Last year to date, there have been many sex scandals instructively involving teachers and their teenage students – one of them being the infamous ‘Stool Sex Headmaster.’
These stories have of course overshadowed others for front page placement in newspapers.
The matter of the stool top sex with a headmaster at the centre of it is over, not so however the conversation it has generated.
Following the cracking of the whip by the regulator, the Ghana Education Service (GES) on the defaulting headmaster, questions are being posed about what should be done to obviate the recurrences of the episode and whether or not the sheer dismissal is enough as a sanction.
Of course, many of the inappropriate sexual encounters with students by headmasters and teachers are almost becoming a norm in some schools especially in the hinterland. In such places, such stories are considered a taboo and therefore hushed by opinion leaders.
It is important that incidences of inappropriate sexual conduct perpetrated by teachers are stemmed by all means possible. The harshest measure of dismissal of culprits should be coupled with a court action; this way the deterrent needed would be achieved.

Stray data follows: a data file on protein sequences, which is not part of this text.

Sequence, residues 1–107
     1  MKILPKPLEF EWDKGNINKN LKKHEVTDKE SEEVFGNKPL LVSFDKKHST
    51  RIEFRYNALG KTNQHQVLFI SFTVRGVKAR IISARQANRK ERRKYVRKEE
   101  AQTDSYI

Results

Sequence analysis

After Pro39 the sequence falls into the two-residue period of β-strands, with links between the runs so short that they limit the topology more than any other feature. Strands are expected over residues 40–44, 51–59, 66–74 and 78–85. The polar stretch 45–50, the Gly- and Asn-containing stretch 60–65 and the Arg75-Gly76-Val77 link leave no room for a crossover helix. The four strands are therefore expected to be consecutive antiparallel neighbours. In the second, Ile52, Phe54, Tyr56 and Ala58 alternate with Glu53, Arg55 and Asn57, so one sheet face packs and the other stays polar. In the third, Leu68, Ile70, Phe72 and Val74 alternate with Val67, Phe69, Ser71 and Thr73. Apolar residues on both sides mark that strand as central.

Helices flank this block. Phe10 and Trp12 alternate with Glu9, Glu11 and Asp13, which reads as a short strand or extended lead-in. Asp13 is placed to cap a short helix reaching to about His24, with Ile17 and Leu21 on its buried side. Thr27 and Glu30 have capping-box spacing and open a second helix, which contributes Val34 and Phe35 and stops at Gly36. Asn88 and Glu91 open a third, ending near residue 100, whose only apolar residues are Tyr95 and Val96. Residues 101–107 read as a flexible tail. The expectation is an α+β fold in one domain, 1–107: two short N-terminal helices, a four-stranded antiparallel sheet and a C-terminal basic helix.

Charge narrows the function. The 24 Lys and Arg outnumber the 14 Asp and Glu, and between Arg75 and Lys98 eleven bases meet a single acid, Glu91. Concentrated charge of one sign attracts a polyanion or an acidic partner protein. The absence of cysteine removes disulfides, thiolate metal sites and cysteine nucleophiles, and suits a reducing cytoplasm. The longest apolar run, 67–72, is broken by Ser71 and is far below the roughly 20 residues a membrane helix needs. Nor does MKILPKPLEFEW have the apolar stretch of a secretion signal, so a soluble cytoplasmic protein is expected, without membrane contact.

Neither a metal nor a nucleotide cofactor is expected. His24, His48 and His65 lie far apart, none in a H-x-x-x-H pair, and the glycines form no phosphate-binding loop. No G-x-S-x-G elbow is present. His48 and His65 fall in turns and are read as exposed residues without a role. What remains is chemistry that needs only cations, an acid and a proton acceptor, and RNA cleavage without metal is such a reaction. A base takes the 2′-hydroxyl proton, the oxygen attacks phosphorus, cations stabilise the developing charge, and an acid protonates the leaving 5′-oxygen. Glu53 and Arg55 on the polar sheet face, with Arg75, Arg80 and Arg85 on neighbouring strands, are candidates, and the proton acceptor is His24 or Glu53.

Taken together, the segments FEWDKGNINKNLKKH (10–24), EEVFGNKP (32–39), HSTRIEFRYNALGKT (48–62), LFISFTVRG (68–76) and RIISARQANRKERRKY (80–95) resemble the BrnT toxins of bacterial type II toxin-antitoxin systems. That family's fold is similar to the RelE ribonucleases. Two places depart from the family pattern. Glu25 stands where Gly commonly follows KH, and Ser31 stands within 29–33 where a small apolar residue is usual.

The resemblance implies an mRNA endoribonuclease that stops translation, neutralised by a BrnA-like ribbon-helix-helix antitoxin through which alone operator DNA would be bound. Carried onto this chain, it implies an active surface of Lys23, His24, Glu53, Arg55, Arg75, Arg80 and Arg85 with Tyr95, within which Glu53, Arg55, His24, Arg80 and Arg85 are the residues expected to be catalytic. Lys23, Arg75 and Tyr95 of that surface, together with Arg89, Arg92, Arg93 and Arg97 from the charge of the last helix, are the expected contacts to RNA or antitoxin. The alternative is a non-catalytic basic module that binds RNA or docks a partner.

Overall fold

There is no justification for a person into whose care a child is put to turn around and engage in sexual intercourse with her.
It is for this reason that we welcome the action of the GES and demand to see more such actions. We should like to re-echo our earlier demand that school heads under whose watch such immoral acts take place should also be sanctioned because they slept on their jobs.
As a nation, there is need to rethink our approach to sex education; it should be a teacher and parent collaboration. It is only when the girl child understands her physiology properly and the consequences of sexual engagements would she be in a better position to ward off unhealthy overtures from bad adults.
In most cases, such overtures because they originate from a teacher or even headmaster, persons held in awe, resistance is minimal or even absent yet with devastating consequences.
In Kenya, the issue of sex education, whether it be taught jointly by parents and teachers, is a subject being discussed in some circles though traditional beliefs are hindering progress in this direction.
It is our position that when a girl is sufficiently educated about this subject, she would be primed with the will power and knowledge to say a ‘no’ to sexual overtures by teachers and other irresponsible persons in society.
In Ghana, the subject has ever been discussed albeit moderately. The discussion did not last and fizzled out because this is a country where most people would rather the status quo remains. The cost of this though is the incidents of adolescents being abused by randy adults who lie to them about the safety of the acts.
For now until we reach this ideal destination of open sex education for our girls, the authorities must crack the whip on teachers and others with uncontrollable libidos.